Thomas White Global Investing
China Stamp
May 8, 2009
A Postcard from Asia Pacific
China: Zooming Ahead in the Car Market

Shanghai Auto Show

Global automakers believe the future is China. With the Chinese government spending billions on upgrading its highways and roads, the Shanghai Auto Show witnessed several premieres, such as the Audi 2010 Q7.

The mood at the Shanghai Auto Show in April was strangely optimistic. Extraordinary, considering the state of the global automotive industry, with giants like General Motors and Chrysler struggling to survive this recession. But given the fact that China overtook the U.S. as the world’s largest car market at the beginning of this year, there is room for cheer in the Middle Kingdom.

It was the first time ever that China surpassed the U.S., which saw car sales plummet 40% to 656,881 units during January, a 40-year low. Contrast that with China, where buyers, increasingly enthused by government incentives, boosted sales to 735,000 units even in these recessionary times.

It is a winning streak that has continued. Total automobile sales in China reached 1.11 million in March, a rise of 5% over a year earlier, easily surpassing the U.S. for the third consecutive month.

These figures have been warmly welcomed by a beleaguered global auto industry, which has sputtered to a halt, hit by rising gasoline prices last year, then plunging consumer demand, and difficult auto unions. Even though car sales slowed to single-digit growth last year, China is the new beacon of hope now.

The result is that enormous expectations are being placed on China. The government has so far acted proactively – promising farmers subsidies of up to Yuan 5,000 ($732) for each ‘green’ car they buy. There have been tax cuts and rebates on small cars. Chinese carmakers such as Geely and Chery have benefited – pushing their cheaper cars to an eager domestic market.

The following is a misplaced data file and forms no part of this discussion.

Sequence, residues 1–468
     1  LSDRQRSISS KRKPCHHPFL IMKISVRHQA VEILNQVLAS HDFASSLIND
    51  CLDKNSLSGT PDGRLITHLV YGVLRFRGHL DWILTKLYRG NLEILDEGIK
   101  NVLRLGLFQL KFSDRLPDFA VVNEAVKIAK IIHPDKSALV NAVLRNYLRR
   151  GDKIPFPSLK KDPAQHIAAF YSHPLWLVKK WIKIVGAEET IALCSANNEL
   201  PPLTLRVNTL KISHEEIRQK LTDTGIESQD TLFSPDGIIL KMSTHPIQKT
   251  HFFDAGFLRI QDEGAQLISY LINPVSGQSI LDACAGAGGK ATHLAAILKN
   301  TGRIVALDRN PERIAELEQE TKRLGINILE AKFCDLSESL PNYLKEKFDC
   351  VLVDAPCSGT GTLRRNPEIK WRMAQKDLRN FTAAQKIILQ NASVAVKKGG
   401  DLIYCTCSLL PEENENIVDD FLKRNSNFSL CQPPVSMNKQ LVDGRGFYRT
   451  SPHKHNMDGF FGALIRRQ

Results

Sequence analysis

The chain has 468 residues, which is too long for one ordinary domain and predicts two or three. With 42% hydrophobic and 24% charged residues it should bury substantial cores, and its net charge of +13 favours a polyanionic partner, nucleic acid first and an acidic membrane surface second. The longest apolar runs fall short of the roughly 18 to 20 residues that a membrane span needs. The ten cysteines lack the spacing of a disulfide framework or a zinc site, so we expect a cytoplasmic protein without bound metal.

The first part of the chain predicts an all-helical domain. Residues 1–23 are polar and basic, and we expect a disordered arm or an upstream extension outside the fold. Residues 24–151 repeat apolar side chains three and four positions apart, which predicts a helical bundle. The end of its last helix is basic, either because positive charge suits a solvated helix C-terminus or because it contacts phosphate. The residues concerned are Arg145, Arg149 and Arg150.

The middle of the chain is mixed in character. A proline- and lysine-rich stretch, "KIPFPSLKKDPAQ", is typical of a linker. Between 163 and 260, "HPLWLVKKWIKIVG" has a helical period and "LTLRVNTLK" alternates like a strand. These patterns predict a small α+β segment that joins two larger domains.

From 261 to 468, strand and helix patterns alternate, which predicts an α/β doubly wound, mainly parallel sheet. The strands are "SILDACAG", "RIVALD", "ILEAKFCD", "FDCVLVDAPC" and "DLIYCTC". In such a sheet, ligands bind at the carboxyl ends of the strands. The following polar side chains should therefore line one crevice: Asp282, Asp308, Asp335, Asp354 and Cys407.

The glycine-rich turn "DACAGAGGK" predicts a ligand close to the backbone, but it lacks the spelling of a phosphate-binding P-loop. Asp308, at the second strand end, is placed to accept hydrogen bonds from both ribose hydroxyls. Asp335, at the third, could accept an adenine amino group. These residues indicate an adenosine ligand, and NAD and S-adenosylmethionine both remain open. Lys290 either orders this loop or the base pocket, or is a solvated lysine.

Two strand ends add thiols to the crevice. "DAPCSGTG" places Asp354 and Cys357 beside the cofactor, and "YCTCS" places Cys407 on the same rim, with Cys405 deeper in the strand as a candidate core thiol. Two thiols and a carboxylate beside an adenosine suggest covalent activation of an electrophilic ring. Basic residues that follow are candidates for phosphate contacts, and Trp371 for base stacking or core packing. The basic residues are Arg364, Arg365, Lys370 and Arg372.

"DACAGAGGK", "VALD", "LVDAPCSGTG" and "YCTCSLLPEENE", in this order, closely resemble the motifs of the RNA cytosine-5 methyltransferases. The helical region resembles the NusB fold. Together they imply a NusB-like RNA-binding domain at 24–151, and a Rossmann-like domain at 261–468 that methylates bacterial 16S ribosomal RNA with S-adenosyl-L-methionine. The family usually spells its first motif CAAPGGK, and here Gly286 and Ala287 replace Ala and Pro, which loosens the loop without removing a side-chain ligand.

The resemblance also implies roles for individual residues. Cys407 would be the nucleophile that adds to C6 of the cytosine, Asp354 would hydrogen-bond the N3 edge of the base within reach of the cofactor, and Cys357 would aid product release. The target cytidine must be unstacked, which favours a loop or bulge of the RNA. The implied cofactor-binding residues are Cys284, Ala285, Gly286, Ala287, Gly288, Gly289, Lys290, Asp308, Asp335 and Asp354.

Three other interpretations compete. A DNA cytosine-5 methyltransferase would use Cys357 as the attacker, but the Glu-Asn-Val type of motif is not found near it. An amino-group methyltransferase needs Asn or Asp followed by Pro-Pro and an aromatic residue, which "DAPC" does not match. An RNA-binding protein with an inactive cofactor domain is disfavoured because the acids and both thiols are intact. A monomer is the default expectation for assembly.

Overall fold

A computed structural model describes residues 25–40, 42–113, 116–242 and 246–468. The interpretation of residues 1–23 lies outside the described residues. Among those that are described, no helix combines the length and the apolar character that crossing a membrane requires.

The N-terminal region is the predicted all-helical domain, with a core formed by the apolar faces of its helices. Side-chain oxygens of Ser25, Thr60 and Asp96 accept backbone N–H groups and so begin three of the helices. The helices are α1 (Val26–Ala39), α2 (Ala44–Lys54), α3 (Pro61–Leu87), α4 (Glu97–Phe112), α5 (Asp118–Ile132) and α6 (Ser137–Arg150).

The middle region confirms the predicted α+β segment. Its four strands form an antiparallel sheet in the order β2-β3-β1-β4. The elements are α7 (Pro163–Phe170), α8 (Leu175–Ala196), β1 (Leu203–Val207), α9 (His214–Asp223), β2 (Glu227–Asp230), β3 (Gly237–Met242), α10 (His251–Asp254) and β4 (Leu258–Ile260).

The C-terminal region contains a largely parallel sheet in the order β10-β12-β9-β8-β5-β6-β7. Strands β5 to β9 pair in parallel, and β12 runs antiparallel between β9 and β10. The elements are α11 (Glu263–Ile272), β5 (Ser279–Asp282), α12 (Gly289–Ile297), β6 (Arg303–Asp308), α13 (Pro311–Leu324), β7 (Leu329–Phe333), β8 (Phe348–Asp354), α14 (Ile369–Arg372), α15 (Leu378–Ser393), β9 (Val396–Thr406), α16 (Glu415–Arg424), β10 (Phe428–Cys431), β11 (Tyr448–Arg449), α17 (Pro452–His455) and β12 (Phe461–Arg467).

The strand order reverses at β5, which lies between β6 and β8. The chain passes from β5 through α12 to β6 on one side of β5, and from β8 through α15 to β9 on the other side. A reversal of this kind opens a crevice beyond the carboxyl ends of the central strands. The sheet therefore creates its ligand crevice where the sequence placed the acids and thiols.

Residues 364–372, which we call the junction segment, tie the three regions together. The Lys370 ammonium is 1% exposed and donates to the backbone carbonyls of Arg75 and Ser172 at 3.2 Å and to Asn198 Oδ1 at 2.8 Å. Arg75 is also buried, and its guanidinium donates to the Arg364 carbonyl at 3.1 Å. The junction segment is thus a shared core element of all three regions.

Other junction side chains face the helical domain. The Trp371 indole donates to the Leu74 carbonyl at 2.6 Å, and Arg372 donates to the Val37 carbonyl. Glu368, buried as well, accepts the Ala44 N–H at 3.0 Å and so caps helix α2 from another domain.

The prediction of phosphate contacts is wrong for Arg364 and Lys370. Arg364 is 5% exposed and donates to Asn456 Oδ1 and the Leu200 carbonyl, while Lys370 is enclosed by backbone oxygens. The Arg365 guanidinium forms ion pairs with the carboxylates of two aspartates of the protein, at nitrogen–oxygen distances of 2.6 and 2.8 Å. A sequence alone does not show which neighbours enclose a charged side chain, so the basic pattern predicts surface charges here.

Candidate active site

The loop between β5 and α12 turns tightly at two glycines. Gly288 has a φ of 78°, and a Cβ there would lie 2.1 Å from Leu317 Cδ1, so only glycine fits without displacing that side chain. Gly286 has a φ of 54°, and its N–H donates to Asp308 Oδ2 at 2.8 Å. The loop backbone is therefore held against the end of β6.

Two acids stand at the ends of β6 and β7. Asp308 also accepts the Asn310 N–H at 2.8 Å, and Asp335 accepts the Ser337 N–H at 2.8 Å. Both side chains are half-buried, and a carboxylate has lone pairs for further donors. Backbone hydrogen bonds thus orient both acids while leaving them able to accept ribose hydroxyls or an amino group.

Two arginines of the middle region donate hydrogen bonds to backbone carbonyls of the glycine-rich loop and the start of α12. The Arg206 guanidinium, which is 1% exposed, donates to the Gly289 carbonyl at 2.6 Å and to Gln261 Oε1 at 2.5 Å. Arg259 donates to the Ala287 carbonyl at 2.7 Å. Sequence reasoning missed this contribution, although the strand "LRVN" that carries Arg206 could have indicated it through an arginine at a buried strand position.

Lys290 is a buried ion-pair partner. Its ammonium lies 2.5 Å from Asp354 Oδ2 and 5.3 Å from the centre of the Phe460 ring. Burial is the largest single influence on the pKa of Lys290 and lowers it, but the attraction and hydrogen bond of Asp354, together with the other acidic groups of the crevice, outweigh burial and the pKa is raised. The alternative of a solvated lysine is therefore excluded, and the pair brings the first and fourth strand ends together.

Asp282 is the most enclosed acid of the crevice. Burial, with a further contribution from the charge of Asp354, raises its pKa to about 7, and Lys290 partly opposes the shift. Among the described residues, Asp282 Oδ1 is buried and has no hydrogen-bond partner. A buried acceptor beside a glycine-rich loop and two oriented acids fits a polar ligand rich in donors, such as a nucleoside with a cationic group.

Even GM, which is bogged in misery in the U.S. and closing domestic production plants, is considering opening another factory in China. The struggling behemoth hopes to sell a staggering two million vehicles in China by 2014. As well, luxury carmakers such as BMW and Daimler are banking on the Chinese government’s economic stimulus package to further hike sales.

At the Shanghai Auto Show, once a neglected on-the-fringe show dwarfed by the likes of the Detroit Auto Show, an unprecedented 13 new models were released. Two years ago, the show saw just two global debuts. But this year in China, Porsche rolled out its new luxury sedan, the 2010 Panamera– the first time that the German manufacturer has announced its entry into a new market segment outside Europe or North America. It is an action that affirms the faith and trust that vehicle manufacturers are showing in China. The new behemoth of the auto industry has risen.

As Ulrich Walker, the chief of Daimler Northeast Asia told Reuters, “We are at the moment on the lucky side in this part of the world.” Going by that mantra, China is the luckiest place to be.


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